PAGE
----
In her analysis of Hurston’s letter, Olivia Marcucci (2017) argues that Hurston’s explanation for opposing Brown can be applied to what Timothy Parson (2010) calls “the myth of the progressive empire,” which hides oppression, in this case the oppression of African Americans, under the guise of “humanitarianism.” In short, where there is evidence that African American students were receiving a high quality education with highly qualified teachers before Brown, by allowing the all-White court to rule under the mindset of Blacks as less fortunate, schools essentially got thrown into the existing racial power structures whereby now Black schools would be deemed inherently inferior to White schools (Gladwell, 2017; Marcucci, 2017).
Shortly after Brown, this is what happened with the supposed “help” for Black children: What were once 82,000 Black teachers before Brown, became half that within a decade (Gladwell, 2017). A third of Black teachers were fired in the span of 20 years after Brown (Marcucci, 2017), and many others made the decision to leave after being subjected to discrimination in their new work environments (e.g., not being allowed to use the teacher’s restroom).
In his podcast, Gladwell highlights the example of a town in Missouri where they chose to close one school and integrate the other, choosing to shut down the Black school and forcing its teachers to be evaluated alongside the teachers of the White school. When the Black teachers were deemed of lower quality, they later tried to sue but the courts cited “intangible factors” for why no Black teachers ended up retained.
Re-evaluating the objectives of today
While on the one hand, Brown represents a major step toward justice and democracy in the U.S. (Kirkland, 2010; Noguera, 2003), many of the ensuing integrationist results seem to validate its critics. The fact is, desegregation and then integration became terms owned and applied through a lens of Black inferiority. Even today, we talk about integration as though it’s for the benefit of those less fortunate. Advocates for school integration will often propose it as a way to “offer better educational opportunities” to “historically disadvantaged groups” (Carter, 2012, p.150).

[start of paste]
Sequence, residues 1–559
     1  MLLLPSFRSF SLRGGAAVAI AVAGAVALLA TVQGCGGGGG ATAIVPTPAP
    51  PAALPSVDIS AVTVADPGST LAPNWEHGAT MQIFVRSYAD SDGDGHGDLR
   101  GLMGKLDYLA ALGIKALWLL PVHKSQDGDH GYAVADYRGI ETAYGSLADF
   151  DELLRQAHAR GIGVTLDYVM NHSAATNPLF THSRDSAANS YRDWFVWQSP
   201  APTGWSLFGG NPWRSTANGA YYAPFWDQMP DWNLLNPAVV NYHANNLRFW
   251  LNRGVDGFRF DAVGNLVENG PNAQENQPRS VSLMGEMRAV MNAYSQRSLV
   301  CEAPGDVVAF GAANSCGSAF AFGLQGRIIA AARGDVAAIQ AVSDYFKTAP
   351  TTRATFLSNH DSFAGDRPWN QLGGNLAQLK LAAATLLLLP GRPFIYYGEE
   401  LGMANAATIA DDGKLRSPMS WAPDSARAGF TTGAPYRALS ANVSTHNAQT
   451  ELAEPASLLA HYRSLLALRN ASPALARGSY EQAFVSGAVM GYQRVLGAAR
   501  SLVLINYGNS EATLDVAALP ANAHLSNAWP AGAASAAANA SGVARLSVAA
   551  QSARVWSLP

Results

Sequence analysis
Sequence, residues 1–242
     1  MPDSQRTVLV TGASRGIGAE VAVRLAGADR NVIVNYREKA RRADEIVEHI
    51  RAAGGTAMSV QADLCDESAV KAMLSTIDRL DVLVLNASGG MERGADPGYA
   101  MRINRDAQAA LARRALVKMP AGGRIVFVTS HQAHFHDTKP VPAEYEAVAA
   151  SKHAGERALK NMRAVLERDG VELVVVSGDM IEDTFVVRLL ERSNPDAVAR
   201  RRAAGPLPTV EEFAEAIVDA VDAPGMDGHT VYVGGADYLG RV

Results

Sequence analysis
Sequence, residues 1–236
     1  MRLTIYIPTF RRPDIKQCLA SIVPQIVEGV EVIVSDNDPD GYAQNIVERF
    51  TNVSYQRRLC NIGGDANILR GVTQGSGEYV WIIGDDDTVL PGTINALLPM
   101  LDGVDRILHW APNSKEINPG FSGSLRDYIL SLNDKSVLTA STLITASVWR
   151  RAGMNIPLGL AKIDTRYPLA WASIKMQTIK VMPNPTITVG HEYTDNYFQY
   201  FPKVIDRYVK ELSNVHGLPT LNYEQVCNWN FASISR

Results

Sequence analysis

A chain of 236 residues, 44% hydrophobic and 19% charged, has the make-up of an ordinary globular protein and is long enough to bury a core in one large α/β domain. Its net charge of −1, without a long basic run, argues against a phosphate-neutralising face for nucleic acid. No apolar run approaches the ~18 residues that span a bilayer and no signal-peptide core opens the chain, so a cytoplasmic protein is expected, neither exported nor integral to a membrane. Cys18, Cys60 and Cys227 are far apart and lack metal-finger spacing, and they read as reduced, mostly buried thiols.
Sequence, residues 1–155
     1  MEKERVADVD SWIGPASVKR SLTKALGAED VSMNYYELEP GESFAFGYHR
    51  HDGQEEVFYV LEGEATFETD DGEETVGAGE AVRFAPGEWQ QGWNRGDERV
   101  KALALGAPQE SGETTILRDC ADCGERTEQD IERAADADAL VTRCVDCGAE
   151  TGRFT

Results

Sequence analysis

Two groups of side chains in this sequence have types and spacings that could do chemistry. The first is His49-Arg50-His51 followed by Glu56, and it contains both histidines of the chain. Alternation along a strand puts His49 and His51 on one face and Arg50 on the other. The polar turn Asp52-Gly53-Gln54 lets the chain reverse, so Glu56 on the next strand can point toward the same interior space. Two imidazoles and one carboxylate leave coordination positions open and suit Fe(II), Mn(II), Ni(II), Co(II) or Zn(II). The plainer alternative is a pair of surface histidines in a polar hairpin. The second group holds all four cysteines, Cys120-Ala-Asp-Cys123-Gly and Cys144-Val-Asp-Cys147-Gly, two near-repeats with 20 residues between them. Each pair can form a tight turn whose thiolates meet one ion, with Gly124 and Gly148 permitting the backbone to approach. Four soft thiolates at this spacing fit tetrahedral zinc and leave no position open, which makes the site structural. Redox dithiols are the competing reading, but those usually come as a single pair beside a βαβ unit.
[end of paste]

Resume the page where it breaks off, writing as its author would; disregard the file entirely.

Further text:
In 2017, I have heard school integrationists brag about making the sacrifice to send their children to low-income schools “for the greater good” because, without saying it out loud, they hold the underlying belief that adding their children to the equation would improve the education of the less fortunate. Those who are seen as less fortunate are placed in that category because of income level or race.
In 2017, I often see so-called diverse schools tracking children—with clear racial or socioeconomic divides between students who are taking “regular” courses, honors/AP, gifted and talented, special education, those who are disciplined, and those with access to after school programming.
In 2017, this is not everyone nor is it every school, but these cases are common enough to drive the need for us to know what people mean when they say diversity, integration, and desegregation and where they position themselves and others in that meaning and why. Embedded within the rationale of the Brown ruling was a deficit-oriented and outright racist ideology that, because of dynamics of power, in turn claimed the method of integration. At the time, the NAACP may have been happy to make do with the results, regardless of the underlying ideologies that backed the results. But they confused methods and objectives. Now here we are in 2017 seeking to both live up to the legacy of Brown and at the same time focus on a goal of integration without the work necessary to suck up all the underlying poison.
And if we don’t do that work, we will never get close to eradicating the injustices of the past and present. Instead, the injustices will take new forms (cf. Alexander, 2010).
The case of school choice in Detroit is an example of how this can happen. In his analysis of interviews with Detroit parents, Kirkland (2010) found that the way parents experienced Detroit’s choice program revealed a type of “neosegregation” whereby predominantly White, high-resource schools were the only “true choices” in the frankly ridiculous notion that there is a choice between low-resourced and high-resourced schools. Even though some were unable to take advantage of the “choice,” parents had internalized inferiority regarding their neighborhood schools and in some cases their own children and neighborhood’s children, all the while racial divides between schools remained grave.